Oh my goodness, all the difference in the world! If I were to have waited until after I completed the entire course to start using my skills, I would have missed out on the opportunity to integrate them right away into my life and nursing practice. This is a program where mastery is best achieved by working on these skills, not unlike clinical in nursing school. If you don’t have the opportunity to try these on then the skills taught may never be used effectively. Also, one skill builds upon the other, so you really have to practice and work on mastery of one and then the next and so on.
What have you noticed around your own wellbeing and stress levels at this point in the training?
Having a better awareness of not only myself, but those around me has helped me adjust not only how I react to a situation, but how I show up to the conversation. Prior to coaching, my family would describe me as a kind and loving person, but one who also had a “short fuse.” If I felt I was right, then I stood my ground. If there was a perceived negative situation to discuss, it was generally brought up as a last resort out of concern for how I would react.
The same situation now would generate a whole different scenario. I take a broader view of the scenario and identify the possibilities. So you could say coaching has helped my own wellbeing by providing me the opportunity to find more clarity and peace in life. My professional and personal life has matured in such a positive direction I would have never imagined a year ago.
What else, if anything, would you like to share with your followers?
It’s important to know that this is a continuously evolving process. Just as life changes and new life experiences are gained, we can find ourselves in a learning mode, if we are aware and open to it. Sometimes we may be the student and other times the teacher. If we embrace this journey we call life, we will continue to grow in ways beyond imagination. Truly anything is possible.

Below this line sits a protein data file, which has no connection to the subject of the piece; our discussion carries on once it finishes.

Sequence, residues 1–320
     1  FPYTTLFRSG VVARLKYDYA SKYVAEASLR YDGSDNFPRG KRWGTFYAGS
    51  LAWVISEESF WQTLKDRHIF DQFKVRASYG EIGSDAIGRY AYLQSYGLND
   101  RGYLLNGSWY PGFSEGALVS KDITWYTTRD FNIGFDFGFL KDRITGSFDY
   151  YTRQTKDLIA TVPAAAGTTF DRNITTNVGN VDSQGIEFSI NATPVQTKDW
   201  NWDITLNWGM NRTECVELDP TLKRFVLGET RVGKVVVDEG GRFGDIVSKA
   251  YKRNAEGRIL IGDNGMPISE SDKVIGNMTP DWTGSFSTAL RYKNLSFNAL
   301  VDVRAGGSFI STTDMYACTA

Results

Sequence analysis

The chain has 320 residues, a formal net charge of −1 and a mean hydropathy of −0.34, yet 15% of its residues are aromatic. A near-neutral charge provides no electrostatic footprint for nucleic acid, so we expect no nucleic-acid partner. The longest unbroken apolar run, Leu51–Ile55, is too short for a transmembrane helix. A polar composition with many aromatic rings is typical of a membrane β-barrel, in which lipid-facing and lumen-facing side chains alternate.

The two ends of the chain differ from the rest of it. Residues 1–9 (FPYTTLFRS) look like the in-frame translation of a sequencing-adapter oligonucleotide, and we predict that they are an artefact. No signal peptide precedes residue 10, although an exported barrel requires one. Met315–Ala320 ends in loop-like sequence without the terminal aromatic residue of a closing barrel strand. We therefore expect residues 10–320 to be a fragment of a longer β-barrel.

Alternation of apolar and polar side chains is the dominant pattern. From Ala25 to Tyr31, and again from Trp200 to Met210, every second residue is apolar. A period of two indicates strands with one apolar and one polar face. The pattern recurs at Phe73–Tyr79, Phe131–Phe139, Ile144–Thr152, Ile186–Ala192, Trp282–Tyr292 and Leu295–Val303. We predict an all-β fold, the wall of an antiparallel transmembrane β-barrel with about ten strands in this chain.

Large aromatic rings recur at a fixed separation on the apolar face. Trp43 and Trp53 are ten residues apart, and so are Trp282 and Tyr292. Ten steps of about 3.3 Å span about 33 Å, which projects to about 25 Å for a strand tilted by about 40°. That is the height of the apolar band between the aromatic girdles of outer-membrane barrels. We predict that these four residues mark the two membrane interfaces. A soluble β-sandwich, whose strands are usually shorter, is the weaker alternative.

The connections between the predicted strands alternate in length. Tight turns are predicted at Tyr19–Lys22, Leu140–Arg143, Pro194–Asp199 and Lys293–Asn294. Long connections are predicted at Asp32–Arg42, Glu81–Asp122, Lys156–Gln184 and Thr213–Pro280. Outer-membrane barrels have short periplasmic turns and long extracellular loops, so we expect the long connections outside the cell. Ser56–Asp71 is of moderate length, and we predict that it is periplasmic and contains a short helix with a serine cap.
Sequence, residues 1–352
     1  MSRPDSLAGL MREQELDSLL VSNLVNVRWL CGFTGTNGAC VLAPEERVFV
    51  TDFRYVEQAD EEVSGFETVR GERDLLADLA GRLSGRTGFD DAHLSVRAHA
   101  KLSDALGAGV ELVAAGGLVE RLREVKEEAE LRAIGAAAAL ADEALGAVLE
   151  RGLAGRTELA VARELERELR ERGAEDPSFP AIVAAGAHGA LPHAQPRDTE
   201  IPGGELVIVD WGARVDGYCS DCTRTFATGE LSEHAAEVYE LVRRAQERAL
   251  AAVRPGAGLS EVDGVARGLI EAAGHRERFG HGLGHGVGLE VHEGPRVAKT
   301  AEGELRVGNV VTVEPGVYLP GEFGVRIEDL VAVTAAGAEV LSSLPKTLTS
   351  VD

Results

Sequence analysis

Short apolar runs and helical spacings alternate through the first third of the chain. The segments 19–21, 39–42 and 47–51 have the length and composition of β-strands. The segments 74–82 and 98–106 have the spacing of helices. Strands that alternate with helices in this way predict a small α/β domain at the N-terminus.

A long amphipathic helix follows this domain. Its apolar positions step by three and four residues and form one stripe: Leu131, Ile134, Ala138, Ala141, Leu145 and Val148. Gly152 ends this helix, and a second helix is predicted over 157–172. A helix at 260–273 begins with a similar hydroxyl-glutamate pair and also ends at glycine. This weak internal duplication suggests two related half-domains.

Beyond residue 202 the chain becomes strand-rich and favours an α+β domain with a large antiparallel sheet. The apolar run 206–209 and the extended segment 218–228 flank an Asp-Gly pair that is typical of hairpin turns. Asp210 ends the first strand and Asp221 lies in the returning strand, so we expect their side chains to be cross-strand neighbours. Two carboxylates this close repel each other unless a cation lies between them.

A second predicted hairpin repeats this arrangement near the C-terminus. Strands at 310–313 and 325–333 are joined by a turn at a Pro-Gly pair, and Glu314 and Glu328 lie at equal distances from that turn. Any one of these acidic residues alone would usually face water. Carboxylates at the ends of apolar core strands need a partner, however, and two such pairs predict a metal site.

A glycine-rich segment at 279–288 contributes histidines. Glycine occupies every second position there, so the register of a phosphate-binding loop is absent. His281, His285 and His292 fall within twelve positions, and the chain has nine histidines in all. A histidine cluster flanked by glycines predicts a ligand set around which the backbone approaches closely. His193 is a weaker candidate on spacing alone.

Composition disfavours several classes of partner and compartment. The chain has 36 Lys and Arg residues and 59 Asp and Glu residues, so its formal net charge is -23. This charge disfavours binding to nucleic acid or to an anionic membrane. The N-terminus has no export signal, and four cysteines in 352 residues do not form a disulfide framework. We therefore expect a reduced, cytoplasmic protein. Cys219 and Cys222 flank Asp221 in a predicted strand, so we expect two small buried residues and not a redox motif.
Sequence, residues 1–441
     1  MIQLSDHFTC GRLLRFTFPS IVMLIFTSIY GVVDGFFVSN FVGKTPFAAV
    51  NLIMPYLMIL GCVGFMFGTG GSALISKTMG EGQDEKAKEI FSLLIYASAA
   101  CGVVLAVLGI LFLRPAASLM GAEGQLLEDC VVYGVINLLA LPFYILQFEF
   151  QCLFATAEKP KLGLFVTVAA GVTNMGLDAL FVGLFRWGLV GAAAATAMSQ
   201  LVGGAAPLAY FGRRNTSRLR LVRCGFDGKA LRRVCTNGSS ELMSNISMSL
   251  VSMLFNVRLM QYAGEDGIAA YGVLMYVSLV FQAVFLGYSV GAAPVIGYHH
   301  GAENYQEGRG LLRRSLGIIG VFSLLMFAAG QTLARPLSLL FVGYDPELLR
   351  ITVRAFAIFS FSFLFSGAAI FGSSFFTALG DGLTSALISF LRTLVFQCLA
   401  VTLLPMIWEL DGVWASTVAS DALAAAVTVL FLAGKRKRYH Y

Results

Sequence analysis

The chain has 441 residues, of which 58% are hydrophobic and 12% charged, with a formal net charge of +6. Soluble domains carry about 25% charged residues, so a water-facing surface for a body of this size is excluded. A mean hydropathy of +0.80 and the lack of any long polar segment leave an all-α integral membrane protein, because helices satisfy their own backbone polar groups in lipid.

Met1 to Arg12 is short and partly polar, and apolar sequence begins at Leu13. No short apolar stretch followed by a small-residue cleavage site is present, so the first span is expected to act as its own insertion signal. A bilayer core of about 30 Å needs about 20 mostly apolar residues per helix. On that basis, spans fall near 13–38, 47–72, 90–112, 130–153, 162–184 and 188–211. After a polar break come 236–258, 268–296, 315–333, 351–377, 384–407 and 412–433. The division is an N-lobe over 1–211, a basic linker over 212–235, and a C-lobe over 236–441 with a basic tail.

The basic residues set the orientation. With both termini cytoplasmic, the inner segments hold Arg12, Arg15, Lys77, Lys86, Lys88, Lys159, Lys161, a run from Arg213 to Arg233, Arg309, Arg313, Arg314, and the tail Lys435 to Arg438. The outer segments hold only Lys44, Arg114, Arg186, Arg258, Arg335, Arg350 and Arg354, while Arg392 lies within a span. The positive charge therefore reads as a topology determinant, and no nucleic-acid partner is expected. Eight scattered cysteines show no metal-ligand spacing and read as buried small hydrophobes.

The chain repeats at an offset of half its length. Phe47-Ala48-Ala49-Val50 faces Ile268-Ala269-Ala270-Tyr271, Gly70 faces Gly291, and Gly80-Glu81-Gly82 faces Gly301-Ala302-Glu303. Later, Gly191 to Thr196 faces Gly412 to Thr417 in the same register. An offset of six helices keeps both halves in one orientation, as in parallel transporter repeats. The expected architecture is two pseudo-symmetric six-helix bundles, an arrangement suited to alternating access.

The power of iPEC’s training methodology is the integration of the skills and so many opportunities to get feedback and practice that gives coaches-in-training the confidence to begin working early on in the program in an appropriate way with clients. Just as Tracy has been using the “Monday Morning” application, many coaches are able to effectively take on barter, pro bono and even paying clients by mid-way through the program…a valuable consideration when deciding where to invest your training dollars.
What I love is the symbiotic connection between the values of CTCA AZ and iPEC…looking to serve and help others improve the quality of life through empowered care. As the Managing Director of the 7th Level Wellbeing Division at iPEC, I’m excited to see how the rest of this journey of bringing coaching into cancer care unfolds. For more information on the Coach Centric Leadership™ and Engagement Program for Healthcare (CCLEP for Healthcare) and how your survivorship coordinators, nurses, case managers and other healthcare professionals can improve quality of care and engagement for themselves, their patients and your organization, email me at tleighn@iPECcoaching.com.
We’ll close out 2013 with some great Holiday Tips from Tracy in our next “Bridging the Gap” interview!